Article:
Friday, October 14, 2016

Introductions Are In Order

I am a skeptical person. I have, throughout the years, struggled to maintain faith in higher powers be it a god, a force, etc. I have also managed to become quite cynical and pessimistic about the world at the same time. As a child, dreams of learning witchcraft and hunting ghosts plagued my every waking moment. I remember printing out "real life" ghost stories and pictures and putting them in a manila folder labeled "Ghost Research". And then my interests faded as I matured and came to realize that the world is big and the knowledge to be gained is vast, without having to put my faith in these things that had no basis in science.

Now, I find myself in a strange period of transition. First, religion is steadily gaining more prominence in my life again. I have found solace in the word of the Bible, even if my interpretations are so much different than that of most organized religions. I find myself craving something more spiritual in nature, more content with the unknown, and more open to things I previously wrote off as trivialized and silly.

A number of factors came together to finally convince me to take the plunge and buy a tarot deck. Some of these may seem circumstantial at best, and downright ridiculous at worst. However, is that not what faith is, in essence? A ridiculous leap into the unknown, or circumstantial evidence turning you into a devout practitioner?

The first thing that "happened", or more accurately just came to a point, was a need to fulfill a lifelong fascination with tarot. I have always found the cards intriguing; someone less skeptical might suggest a pull to them or some sort of divine nature fating me to find them. I am not yet comfortable with the term "fate", but in a romantic sense, that's what it feels like. From early childhood, despite growing up in a household where no one practiced magic and few believed in ANYTHING other than conventional science, I had an intense curiosity about what lies beyond the veil of human sight. I wanted a deck of my own so desperately. Over the years, I pushed that yearning away, calling it a childish endeavor not suitable for someone wanting to be taken seriously. However, the call returned to me recently and has been stronger than I had ever felt it before.

The second event which inspired this massive change in worldly position was a fool's journey to the birthplace of American witchcraft, or at least, one of them: Salem, Massachusetts. My boyfriend and I decided to go to Boston, and such as I might have been fated to delve into Tarot, so I was fated to find myself moved with the ancient eeriness and connection of Salem. I walked the brick pathway past the modern shops, and found myself feeling more free and in love than ever before. Salem was a place where I felt so disconnected from the "Modern Gods" - technology, social media, television, etc. And suddenly, my spirit was in harmony with the past. I felt connected to the women (and men) who lost their lives because they were accused of witchcraft. I felt empowered by the strength of the women who lived there now. I felt...alive. Walking in Salem made me feel more myself than I had felt in a long time. So when I saw a shop selling tarot cards, I knew what I needed in life. Even if I didn't have them then, I would have them soon.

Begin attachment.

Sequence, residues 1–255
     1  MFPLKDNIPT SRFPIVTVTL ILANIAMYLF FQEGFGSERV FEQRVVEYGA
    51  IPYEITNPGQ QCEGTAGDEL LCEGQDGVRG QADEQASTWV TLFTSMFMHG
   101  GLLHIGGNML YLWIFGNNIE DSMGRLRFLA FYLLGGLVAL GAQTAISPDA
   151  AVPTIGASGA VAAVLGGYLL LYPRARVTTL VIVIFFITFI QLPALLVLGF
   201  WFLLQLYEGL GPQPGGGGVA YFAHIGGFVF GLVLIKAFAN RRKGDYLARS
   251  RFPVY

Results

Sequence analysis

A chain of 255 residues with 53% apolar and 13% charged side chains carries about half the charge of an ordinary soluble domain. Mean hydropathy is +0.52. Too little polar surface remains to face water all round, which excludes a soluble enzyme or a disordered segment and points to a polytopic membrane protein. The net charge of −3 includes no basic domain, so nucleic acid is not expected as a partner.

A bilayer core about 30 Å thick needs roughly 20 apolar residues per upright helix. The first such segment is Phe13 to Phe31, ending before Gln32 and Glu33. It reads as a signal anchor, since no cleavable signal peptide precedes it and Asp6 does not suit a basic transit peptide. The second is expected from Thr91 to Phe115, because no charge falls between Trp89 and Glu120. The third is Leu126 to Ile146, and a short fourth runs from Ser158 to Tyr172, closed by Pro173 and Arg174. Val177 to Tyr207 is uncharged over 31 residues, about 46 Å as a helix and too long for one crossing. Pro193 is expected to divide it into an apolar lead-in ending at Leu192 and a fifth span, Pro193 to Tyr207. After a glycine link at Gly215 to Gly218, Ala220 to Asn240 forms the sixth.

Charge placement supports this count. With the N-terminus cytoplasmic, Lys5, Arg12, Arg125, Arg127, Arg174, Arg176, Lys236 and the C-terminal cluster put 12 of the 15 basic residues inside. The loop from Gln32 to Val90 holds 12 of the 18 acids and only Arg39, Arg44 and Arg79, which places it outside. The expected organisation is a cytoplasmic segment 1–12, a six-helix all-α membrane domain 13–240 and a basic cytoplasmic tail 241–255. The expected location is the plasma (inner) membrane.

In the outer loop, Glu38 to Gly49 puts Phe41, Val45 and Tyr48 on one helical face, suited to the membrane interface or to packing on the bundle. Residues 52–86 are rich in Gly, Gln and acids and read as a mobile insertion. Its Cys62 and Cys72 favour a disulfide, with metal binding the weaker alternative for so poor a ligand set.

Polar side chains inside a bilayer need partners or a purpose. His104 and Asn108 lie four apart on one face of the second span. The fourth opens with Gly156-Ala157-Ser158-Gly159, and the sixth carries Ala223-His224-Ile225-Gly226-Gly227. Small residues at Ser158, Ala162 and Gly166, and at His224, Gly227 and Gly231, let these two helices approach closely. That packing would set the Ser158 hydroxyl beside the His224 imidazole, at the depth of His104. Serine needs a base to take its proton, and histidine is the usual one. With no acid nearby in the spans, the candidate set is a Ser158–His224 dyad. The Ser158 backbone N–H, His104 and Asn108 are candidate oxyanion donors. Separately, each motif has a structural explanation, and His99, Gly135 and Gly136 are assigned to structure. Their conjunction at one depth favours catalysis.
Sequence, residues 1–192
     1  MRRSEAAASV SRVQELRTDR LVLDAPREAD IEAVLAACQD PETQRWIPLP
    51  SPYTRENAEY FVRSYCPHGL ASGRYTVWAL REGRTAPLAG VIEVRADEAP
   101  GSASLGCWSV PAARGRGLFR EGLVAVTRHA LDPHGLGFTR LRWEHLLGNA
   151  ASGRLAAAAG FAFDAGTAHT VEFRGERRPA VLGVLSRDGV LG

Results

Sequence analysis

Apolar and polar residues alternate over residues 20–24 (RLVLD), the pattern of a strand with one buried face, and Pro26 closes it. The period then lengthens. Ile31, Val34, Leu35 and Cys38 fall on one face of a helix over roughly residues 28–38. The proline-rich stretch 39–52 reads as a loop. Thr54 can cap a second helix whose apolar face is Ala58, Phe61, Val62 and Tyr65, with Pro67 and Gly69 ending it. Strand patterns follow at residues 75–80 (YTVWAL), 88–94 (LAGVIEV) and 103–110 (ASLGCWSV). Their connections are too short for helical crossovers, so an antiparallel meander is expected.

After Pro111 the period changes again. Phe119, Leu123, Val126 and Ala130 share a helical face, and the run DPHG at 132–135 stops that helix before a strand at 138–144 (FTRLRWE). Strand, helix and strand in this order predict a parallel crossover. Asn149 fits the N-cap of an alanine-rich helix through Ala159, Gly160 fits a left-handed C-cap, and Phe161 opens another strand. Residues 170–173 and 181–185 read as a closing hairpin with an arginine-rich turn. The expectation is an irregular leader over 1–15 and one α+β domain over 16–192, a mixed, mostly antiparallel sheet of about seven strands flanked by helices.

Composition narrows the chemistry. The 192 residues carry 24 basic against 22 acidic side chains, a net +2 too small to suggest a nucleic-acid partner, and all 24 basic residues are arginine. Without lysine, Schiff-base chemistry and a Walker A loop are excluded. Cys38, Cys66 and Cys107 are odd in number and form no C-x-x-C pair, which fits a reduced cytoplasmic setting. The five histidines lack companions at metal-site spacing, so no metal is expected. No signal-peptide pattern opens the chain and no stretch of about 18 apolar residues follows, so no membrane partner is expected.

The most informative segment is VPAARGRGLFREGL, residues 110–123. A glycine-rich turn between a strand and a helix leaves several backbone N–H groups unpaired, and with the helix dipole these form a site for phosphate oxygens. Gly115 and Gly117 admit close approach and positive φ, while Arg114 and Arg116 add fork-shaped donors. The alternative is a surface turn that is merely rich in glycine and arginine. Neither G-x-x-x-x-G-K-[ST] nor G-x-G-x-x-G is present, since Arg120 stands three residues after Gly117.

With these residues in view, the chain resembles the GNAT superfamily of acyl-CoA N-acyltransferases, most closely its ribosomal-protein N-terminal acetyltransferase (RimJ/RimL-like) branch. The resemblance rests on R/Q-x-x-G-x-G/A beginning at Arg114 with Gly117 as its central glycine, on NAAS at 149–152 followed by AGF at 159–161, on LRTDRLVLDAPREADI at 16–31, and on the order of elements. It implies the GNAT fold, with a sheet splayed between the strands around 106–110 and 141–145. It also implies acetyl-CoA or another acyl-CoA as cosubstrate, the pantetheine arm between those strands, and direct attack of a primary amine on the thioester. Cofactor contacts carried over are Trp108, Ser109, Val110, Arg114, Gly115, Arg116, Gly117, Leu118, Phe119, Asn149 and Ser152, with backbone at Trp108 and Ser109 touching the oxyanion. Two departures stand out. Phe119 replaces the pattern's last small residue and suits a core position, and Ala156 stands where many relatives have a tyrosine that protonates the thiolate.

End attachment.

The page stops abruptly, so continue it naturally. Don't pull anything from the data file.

And the final event which was the last stone to fall into place, was that I watched the first episode of Outlander. Now, I realize that after reading about my deep, emotional journey to Salem, hearing that the final piece was a TV show might seem downright mad. But in the first episode, the heroine watches a group of Druid women perform a ritual, which ultimately sends her back in time. And as I sat, watching what is, I am sure, not an actual ritual, I felt once more the call to explore that which I had shunned so many years ago. I felt a need to be spiritual, to open my heart to nature and to the forces guiding the world. Whether that force is just the expansion of the universe, the movement of the planets, or something else, I wanted to be a part of it.

After some research, I found a deck which I believe will suit my purposes perfectly. It is one of the few decks that "spoke to me", as they say. As soon as I saw it, I knew I wanted it. And when I read about it, it all came together so beautifully.

I chose the Linestrider Tarot by Siolo Thompson. Not only was I drawn to the artistic style of these cards, but the animal imagery pulled in the natural element that I was craving, and the most important aspect of all: the Linestrider tarot represents the straddling of one between the physical and spiritual realms. Perhaps, the journey from one to the next. As someone in transition or even caught between two vastly different perspectives on the world, this deck was everything that embodies me at this time.

Maybe as I grow in either one direction or the other, a different deck will become the one I identify with. But for right now, Linestrider seems to be the obvious choice.

So this all brings us here. I have ordered the deck and while I await its arrival on Tuesday, I have found myself deeply embedded in the study of these cards. I have been forming my own philosophies about them, and I have been collecting the information provided by so many others before me. Soon, I hope to acquire a true Tarot Journal (or Grimoire, as I will be calling it) to keep my thoughts in. However, I will be maintaining this blog as well, to chronicle my journey semi-publicly but also so that I must synthesize all the information I have into meaningful conversations.

Thank you so much for reading this lengthy introduction. If you would, please take the time to say hello, share your stories of how tarot had affected your life, or impart any other knowledge or advice you might have.

Until next time.
- Erebella

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